Publication Date

April 2017


Seth Redfield




English (United States)


As the Sun travels around the galactic center in its 220 million-year orbit, it passes through multiple clouds of gas, dust, and plasma. These clouds are the interstellar medium, or colloquially: the substance between stars. The interstellar medium contains the "repository" of building blocks necessary for star formation, and is replenished by stars at the end of their lifetimes as they deposit material either in the form of a supernova or a planetary nebula. Much of the interstellar medium consists of low-density, partially-ionized gas coupled with dust. The majority of the LISM clouds consist of warm to hot neutral or ionized gas, though there are areas of cool gas. The volume of interplanetary space through which the Voyagers have spent much of their mission traveling is known as the heliosphere. It can be thought of as a giant bubble enclosing the Sun and planets, protecting the Solar System from high energy cosmic rays. This bubble is formed by the solar wind interacting with the gas and magnetic fields of the interstellar medium. When the solar wind moves out from the Sun, it eventually comes into contact with much cooler interstellar plasma, creating the boundary known as the heliopause. The heliopause is considered to be the boundary of the heliosphere. Voyager 1 measured a large increase in interstellar plasma density after crossing the heliopause in 2012. Voyager 2 has not yet crossed this boundary, but is predicted to within the next five years. The local interstellar medium (LISM) forms the outer boundary for the heliosphere, and its behavior dictates the behavior of the Sun and heliosphere. In August 2012, Voyager 1 crossed the heliopause, becoming the first human-made object to exit the Solar System. This milestone signifies the beginning of an important new era for local interstellar medium (LISM) discoveries. We present measurements of the structure and composition of the LISM by using high-resolution Hubble Space Telescope spectra of nearby stars that lie along the same lines of sight as the respective paths of the Voyager spacecraft. We provide a comprehensive inventory of LISM absorption in the near-ultraviolet (2600-2800Å) and the far-ultraviolet (1200-1500Å). The LISM absorption profiles are used to make comparisons between each pair of closely spaced (<15°) sight lines. With these fits, we can make measurements of the physical properties of the LISM, including temperature, turbulence, electron density, and dust composition. As both HST and Voyager reach the end of their lifetimes, we now have the opportunity to synthesize their respective independent and complementary observations, combining in-situ measurements with the shortest possible line-of-sight measurements to provide an unprecedented study of the galactic ISM surrounding the Sun.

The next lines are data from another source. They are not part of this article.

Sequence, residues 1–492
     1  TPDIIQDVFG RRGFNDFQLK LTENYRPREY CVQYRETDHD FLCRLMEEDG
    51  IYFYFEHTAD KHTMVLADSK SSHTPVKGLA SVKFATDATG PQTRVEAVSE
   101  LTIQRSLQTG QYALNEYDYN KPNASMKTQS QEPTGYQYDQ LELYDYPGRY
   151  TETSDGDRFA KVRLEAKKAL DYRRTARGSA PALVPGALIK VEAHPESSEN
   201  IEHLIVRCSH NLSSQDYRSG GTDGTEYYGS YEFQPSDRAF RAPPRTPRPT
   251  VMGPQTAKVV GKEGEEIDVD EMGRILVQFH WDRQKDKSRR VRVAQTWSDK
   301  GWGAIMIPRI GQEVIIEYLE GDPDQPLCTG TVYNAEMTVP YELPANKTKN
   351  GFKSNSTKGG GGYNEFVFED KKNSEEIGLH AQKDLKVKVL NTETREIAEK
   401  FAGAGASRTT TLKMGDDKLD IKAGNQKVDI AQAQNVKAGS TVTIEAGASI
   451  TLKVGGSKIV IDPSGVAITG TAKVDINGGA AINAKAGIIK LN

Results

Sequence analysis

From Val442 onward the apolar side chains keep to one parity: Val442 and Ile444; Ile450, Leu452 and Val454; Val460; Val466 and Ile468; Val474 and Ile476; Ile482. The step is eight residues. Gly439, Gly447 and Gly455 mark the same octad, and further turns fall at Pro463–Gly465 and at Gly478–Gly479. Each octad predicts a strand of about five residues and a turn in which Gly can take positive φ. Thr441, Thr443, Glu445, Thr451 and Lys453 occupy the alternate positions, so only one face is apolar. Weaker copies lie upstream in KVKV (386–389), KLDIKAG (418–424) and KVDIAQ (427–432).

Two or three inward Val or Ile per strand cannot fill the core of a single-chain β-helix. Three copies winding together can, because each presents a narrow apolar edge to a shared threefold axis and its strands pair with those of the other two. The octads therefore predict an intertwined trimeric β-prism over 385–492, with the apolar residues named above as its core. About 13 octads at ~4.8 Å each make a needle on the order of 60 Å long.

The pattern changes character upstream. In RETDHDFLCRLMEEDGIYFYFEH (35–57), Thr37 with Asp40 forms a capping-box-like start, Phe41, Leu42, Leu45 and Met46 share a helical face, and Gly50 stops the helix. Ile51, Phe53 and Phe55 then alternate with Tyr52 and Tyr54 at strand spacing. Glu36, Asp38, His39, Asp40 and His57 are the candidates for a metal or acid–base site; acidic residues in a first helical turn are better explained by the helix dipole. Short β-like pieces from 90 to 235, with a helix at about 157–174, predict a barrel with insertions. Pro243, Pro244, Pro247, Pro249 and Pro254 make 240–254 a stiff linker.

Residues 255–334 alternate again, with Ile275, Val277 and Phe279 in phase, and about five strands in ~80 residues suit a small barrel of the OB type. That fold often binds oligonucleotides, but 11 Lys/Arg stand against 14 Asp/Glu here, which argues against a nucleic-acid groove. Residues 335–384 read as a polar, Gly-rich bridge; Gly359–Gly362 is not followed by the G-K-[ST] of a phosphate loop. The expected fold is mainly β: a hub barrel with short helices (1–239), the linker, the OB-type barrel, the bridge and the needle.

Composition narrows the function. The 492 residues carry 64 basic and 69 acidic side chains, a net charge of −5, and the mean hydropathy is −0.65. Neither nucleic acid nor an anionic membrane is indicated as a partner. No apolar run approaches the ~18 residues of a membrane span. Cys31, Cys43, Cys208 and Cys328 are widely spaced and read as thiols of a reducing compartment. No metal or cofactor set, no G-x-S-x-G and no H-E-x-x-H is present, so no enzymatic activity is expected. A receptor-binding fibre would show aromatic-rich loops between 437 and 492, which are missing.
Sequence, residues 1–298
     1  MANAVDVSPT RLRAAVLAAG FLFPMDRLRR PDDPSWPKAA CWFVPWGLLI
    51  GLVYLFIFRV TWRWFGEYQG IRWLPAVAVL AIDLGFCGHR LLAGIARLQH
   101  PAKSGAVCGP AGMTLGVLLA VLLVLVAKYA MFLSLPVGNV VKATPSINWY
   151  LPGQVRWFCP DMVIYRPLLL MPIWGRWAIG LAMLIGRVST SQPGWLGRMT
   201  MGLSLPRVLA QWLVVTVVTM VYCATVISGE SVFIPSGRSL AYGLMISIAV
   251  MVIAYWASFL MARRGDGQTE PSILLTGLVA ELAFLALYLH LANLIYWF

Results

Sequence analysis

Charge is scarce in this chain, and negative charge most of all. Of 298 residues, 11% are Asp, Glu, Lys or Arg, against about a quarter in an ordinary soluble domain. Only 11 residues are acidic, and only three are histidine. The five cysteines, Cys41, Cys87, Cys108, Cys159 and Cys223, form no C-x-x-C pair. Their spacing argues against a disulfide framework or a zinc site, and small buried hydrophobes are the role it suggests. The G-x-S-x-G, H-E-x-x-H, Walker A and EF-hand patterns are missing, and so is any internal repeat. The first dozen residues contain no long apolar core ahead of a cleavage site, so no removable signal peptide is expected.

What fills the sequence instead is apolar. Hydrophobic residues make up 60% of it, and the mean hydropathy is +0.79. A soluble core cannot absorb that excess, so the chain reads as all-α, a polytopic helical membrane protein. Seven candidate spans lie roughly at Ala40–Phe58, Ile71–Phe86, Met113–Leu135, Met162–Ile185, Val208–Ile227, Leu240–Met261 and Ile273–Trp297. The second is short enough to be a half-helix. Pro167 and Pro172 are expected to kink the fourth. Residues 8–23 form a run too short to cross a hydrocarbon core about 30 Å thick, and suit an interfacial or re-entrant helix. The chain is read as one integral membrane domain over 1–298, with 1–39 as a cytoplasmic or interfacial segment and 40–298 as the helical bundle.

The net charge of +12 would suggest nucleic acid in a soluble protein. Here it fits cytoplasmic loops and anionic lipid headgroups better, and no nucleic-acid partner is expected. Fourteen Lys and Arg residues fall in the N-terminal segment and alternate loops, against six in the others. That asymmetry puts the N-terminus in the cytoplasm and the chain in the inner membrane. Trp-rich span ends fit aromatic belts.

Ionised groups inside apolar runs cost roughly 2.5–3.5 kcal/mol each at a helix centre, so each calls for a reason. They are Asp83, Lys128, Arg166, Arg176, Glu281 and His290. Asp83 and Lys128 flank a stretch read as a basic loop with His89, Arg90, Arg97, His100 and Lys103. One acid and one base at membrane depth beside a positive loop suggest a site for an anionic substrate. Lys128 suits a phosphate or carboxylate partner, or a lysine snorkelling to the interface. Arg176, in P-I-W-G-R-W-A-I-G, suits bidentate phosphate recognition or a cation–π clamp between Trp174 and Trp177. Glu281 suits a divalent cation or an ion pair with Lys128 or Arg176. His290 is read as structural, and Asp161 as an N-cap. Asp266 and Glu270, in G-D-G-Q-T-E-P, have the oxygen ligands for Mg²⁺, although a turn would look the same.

© Copyright is owned by author of this document